On Saturday, a pair of ‘teen’ movies from the 90s stand out and resonate far beyond that target group. Clueless 1995 (Channel 5 15.05 Sat 28 Aug) is a deft updating of Jane Austen’s Emma with Alicia Silverstone as the ham-fisted high school match maker in the midst of mall culture. Amy Heckerling directs and draws wit and sparkle from her young cast. Then, later, Election 1999 (BBC2 23.45 Sat 28 Aug) has Reese Witherspoon as the ambitious student standing for election as her school president. Played beautifully, her character, Cher Horowitz, has political instinct and quickness of wit that are clearly highly developed as she strives ‘by any means necessary’ to win the race. It is rich in irony and observation of our uncertain time.

Force Majeure 2014 (Film4 01.35 Fri 3 Sept) is a brilliant work of irony and tragedy. A family holidaying in the Alps is stuck in their hotel as an avalanche hits. The isolation and chance encounters with other guests exert pressure on the fault lines of their marriage and sets them re-evaluating their lives. This was one of my films of the year in 2014. It manages that difficult balance between the uncomfortable and the mesmeric, underpinned with a wicked sense of humour.

There was good feedback on Peanut Butter Falcon 2019 (BBC2 00.05 Sat 4 Sept) when it screened last week, about the boy with Down’s Syndrome who aspires to be a wrestler, so if you missed it then, here is a chance for you to set the recorder to catch it this time and play it when right minded folk are properly awake. This is also available on iPlayer, I am reliably informed.

I grew up reading Rosemary Sutcliffe’s historical novels and wondering why they had not found their way on to the screen and then in 2011, The Eagle of the Ninth was produced as The Eagle (Film4 18.45 Wed 1 Sept) with Channing Tatum and Jamie Bell (Billy Elliot). Directed by Kevin MacDonald (The Last King of Scotland, Touching the Void) I think I expected rather more of it, perhaps the shellac of youthful exuberance has glazed it in such a way that it was not quite as I remember it. This is still good family viewing, a tale of sword and sandals in Roman Britain. A young officer seeks the lost emblem of his father’s mysteriously disappeared legion to return it and the honour that it bestows upon the regiment.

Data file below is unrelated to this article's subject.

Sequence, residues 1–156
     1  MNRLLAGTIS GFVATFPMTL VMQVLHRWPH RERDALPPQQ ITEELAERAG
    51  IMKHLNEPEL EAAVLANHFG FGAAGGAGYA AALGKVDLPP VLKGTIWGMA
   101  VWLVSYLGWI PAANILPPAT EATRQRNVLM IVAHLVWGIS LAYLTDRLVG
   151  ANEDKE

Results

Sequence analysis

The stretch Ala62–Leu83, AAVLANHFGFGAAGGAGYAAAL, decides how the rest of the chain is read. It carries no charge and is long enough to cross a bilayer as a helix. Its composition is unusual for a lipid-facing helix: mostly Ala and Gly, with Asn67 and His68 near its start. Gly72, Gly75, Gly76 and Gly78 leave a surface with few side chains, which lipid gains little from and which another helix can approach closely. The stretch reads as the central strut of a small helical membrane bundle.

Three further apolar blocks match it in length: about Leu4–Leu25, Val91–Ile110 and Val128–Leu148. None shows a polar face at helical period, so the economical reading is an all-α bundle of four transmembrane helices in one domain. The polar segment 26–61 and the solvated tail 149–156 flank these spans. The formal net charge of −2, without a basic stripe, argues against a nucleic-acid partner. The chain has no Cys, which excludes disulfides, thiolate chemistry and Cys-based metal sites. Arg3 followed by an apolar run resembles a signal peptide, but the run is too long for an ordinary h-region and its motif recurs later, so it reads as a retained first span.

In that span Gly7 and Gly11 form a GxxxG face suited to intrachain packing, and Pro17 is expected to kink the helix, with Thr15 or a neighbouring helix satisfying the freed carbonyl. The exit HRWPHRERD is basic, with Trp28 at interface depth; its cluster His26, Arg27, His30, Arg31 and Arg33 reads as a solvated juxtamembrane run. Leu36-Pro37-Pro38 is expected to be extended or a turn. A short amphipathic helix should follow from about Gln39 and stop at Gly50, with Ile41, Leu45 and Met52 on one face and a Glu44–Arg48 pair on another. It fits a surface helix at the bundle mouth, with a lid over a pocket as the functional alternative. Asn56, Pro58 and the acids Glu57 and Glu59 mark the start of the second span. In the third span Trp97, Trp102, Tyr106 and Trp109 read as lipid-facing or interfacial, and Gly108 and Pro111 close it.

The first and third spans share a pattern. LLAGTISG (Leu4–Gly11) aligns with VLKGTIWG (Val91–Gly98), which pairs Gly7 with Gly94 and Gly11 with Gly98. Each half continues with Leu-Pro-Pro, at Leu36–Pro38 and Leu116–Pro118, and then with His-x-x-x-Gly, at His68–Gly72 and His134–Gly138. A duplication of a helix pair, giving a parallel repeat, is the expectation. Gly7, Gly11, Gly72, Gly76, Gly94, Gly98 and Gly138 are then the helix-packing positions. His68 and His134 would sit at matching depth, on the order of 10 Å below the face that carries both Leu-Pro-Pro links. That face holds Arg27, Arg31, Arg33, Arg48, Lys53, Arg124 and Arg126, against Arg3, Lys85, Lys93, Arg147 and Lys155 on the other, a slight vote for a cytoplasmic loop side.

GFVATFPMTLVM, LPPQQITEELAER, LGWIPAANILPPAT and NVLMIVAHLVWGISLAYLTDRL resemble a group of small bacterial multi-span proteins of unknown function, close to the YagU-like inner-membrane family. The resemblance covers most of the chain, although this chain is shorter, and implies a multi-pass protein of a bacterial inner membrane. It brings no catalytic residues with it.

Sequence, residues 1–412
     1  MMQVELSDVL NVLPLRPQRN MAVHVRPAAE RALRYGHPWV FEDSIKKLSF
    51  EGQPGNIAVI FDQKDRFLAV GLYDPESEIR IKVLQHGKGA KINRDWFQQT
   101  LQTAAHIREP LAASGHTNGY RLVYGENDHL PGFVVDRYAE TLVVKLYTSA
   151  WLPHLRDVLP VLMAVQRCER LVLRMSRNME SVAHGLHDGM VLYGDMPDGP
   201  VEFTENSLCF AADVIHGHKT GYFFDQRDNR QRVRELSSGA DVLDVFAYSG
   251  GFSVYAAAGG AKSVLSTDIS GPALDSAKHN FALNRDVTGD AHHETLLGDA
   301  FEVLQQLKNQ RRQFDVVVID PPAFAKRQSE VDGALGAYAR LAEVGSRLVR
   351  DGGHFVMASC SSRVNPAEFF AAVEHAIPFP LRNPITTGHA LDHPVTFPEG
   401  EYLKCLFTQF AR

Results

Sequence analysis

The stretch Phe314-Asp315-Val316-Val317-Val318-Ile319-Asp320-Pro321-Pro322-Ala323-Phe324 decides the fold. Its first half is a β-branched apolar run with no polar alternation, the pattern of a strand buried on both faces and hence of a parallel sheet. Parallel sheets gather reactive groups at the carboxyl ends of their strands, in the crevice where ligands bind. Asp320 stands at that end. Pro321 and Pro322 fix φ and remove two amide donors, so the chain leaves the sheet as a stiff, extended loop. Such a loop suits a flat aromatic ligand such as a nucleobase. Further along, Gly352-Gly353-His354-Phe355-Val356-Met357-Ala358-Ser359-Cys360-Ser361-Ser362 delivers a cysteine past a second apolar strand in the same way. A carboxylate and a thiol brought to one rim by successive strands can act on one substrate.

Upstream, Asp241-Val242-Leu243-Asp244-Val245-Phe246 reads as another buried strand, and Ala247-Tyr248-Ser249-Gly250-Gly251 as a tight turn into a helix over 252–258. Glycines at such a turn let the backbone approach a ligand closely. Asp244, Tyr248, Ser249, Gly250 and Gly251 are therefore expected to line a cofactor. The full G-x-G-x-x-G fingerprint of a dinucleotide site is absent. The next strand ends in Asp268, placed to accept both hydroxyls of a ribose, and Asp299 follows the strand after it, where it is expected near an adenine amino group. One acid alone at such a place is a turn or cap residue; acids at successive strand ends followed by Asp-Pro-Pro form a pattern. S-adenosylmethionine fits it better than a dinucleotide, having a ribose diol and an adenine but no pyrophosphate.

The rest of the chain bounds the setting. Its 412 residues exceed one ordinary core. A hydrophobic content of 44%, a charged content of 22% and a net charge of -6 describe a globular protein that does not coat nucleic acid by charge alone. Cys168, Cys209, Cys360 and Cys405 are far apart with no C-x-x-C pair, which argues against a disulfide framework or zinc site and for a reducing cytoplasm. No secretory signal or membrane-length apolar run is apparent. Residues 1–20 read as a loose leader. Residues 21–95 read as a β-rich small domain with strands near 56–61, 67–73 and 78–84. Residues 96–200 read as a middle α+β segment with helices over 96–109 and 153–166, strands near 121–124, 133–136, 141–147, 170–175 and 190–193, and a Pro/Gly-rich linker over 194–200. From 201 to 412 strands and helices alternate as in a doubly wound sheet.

Papadopoulos and Sons 2012 (BBC1 00.25 Mon 30 Aug) crops up from time to time. This is succinctly described as a Riches to Rags story where a London Greek entrepreneur is bankrupted by a financial crash and has to return to the family chip shop. Stephen Dillane (Game of Thrones, The Crown) plays the title character in a film which gives a touching insight into a lesser acknowledged community.

Finally, this week, we have a trio of Hitchcock films: The 39 Steps 1935 (BBC2 14.20 Mon 30 Aug) is an adaptation of John Buchan’s spy thriller, starring Richard Donat, and is probably Hitchcock’s best British movie. This is followed immediately by To Catch a Thief 1955 (BBC2 15.40 Mon 30 Aug) in which jewel thief Cary Grant is eyeing up Grace Kelly for more than her mere baubles on the Riviera. Then, there is Suspicion 1941 (BBC2 14.30 Tue 31 Aug) in which Joan Fontaine is living in fear that her husband, that ne’er-do-well, Cary Grant again, is trying to bump her off. Neither of the latter two is among Hitch's best but he is never less than the consummate story teller.

A reminder: StokeScreen will be stoking the boiler on our projector for our resumption of the 2020 programme on Thursday, 23 Sept at 19.30. I, for one, shall be overjoyed to see you all.

Another reminder: Sunday is Community Fun Day at Stoke Green Park, from 12.00 to 16.30. StokeScreen will be there, greeting the faithful and evangelising. We would love to have your company, too.

It is always good to hear back from you, so please put your thoughts down and send them to us at Facebook: StokeScreen at CNWSC and

WORDS & IMAGES UK   presents....